Sorry, but they can’t be ignored, no matter how tempting the lean to libertarianism is. (Still preferable to progressivism, though.).

Which leads this writer to the question: to what end are various news and blog outlets jumping into the fray regarding the differences between old and young?  Yes, it is a journalistic truism that conflict and controversy sells papers, but is there a reason the wedge is being driven between various age groups of the political right?  And why is it the more experienced among the political right are the ones so completely in the wrong according to the current meme?

Is there a reason the generation gap is being so exploited?

No matter where anyone is in the United States these days, there is a generation gap.  The older, more seasoned citizens, to borrow a phrase from Rush, tend to be set in their ways which they learned long ago and depend on cold hard facts and analysis before making decisions.  It’s an attitude we all adopt as we get older, especially after learning to read financial sheets.  Before getting to that point, though, we gravitate toward those who say what we want to hear and espouse the attitudes we carry.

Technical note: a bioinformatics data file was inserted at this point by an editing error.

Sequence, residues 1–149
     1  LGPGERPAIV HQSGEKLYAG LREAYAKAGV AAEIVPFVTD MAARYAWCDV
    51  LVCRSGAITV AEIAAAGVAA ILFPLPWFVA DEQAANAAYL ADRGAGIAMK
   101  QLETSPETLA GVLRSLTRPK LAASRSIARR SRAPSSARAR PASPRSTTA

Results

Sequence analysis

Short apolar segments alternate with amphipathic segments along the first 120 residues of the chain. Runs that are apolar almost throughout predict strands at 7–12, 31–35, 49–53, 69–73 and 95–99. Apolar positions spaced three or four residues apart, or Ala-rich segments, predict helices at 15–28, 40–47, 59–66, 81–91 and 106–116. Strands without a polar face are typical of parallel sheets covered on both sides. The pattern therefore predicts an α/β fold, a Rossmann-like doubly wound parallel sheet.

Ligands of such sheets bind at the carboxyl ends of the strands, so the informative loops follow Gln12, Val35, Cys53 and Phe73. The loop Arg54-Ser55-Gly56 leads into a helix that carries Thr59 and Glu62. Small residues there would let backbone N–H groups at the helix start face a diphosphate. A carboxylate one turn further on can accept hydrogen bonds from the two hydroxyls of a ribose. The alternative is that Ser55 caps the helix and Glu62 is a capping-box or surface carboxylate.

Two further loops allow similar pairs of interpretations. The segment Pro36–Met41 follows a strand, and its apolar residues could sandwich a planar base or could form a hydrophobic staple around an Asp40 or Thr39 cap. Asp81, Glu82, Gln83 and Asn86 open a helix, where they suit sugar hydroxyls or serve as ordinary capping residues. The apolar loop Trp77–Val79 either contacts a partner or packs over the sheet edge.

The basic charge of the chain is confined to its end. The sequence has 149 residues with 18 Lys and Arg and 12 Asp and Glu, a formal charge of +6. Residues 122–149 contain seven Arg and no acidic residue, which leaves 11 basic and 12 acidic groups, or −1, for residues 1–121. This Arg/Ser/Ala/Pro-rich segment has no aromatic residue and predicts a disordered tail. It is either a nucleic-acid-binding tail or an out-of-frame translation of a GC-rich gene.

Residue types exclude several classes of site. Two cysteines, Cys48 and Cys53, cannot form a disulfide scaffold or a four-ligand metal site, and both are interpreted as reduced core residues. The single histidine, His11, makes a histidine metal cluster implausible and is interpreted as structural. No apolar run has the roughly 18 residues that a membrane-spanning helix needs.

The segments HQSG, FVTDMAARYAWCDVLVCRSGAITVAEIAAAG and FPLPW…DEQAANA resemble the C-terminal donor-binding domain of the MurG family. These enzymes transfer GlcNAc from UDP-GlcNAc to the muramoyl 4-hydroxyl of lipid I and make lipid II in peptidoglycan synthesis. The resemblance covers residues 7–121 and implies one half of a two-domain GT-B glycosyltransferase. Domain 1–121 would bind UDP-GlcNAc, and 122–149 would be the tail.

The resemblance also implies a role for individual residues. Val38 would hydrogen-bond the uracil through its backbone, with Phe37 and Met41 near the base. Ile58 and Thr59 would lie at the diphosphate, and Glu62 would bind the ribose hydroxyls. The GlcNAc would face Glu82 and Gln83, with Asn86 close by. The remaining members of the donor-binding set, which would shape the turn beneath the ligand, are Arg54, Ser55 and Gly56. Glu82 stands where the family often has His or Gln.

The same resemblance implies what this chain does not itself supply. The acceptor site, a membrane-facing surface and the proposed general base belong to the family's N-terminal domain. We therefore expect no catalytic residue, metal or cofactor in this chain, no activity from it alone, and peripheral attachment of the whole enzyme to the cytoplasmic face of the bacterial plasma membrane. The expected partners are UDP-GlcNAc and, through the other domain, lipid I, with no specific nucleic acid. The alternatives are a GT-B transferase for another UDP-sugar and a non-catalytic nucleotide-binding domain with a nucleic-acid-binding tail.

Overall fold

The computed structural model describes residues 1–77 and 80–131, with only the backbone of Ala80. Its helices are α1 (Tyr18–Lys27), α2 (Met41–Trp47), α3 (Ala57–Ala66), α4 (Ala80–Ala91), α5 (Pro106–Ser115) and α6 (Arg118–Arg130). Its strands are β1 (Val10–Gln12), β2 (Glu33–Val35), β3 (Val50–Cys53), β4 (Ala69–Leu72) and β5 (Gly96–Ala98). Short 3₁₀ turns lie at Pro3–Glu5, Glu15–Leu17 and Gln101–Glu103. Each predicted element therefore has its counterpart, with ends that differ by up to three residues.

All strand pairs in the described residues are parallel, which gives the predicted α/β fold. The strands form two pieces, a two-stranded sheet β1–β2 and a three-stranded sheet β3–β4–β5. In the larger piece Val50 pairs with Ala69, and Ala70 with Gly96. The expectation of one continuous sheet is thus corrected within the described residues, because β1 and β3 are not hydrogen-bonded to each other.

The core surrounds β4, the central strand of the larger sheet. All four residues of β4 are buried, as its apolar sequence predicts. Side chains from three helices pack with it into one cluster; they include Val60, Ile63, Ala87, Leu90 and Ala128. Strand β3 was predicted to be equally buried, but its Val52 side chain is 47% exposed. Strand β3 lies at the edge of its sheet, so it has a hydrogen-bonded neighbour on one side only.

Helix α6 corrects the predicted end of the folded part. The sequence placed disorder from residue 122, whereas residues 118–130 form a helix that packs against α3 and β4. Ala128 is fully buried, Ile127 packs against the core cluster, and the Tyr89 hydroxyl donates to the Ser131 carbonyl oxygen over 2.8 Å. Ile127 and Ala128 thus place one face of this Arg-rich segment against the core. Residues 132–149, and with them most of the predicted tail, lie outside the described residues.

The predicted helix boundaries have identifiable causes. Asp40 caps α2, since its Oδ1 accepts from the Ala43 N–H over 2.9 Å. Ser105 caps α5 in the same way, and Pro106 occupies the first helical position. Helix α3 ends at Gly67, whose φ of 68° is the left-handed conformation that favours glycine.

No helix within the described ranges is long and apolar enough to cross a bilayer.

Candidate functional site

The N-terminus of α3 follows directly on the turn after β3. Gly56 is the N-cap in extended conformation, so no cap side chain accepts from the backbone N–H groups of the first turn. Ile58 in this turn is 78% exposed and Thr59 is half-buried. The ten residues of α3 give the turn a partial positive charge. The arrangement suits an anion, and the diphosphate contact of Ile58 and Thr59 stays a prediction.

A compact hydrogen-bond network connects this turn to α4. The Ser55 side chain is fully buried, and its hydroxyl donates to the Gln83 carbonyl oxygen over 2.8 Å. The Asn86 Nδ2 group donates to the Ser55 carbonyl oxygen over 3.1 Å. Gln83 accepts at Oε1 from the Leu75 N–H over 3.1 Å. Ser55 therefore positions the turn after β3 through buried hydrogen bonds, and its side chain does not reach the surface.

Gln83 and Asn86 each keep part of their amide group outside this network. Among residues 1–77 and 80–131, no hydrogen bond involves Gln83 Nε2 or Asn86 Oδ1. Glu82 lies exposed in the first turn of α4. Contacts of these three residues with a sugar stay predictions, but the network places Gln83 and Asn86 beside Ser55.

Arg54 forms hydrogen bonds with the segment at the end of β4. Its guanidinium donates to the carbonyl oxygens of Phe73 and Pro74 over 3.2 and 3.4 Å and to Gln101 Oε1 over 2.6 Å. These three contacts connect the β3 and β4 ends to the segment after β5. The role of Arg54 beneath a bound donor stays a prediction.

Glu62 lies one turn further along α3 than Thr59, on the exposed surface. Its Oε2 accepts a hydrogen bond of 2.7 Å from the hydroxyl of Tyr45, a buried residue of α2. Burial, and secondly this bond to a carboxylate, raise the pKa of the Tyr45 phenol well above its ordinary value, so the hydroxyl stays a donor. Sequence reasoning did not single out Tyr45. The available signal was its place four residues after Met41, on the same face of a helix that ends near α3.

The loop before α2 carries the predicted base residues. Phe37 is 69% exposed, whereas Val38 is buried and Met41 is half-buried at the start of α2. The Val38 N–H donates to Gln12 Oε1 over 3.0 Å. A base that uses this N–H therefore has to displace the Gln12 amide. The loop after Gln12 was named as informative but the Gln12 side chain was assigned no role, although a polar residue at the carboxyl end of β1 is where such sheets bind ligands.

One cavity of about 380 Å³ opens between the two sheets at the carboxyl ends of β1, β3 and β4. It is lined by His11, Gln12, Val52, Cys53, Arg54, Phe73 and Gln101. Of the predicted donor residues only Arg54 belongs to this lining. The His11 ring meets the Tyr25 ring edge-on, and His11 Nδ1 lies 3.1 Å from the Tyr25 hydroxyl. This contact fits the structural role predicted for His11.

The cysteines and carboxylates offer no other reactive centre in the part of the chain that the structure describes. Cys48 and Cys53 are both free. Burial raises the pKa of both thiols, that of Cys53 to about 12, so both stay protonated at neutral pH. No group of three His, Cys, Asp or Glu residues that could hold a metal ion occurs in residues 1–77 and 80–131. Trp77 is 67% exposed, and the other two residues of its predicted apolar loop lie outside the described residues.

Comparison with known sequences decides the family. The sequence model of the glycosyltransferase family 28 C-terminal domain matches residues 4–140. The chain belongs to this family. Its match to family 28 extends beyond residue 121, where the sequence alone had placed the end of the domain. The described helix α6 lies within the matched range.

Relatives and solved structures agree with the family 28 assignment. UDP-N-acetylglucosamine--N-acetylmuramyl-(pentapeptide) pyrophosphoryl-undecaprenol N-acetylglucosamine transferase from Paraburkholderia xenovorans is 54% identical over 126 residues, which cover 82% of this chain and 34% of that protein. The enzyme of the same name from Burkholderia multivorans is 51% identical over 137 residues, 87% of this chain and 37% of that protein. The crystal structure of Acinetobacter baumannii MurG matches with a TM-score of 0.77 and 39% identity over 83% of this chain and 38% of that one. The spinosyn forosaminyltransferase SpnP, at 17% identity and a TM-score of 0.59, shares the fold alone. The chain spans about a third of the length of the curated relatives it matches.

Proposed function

Everyone does it.  It’s human nature.

BUT, as the election of Barack Obama and subsequent implosion of American standing around the world on so many fronts has demonstrated in pretty stark technicolor, talking a good game does not mean that the speaker has the skill set to run an ice cream stand, let alone the country.  As one gets older, this reality becomes more apparent and we start letting our heads overrule our hearts in critical decision making, and looking for people with a desired paper trail to support for public office…and most likely the reason there are age restrictions on the presidency and congressional seats. (The voting age used to be higher, too.  Changing that was another Democrat pandering to youth thing.)

Psst: this is why we generally elect governors to be president.  Same skill set, knowledge and a track record of running a state.  Basic American rights should not be violated in the process.  That’s a fairly select group.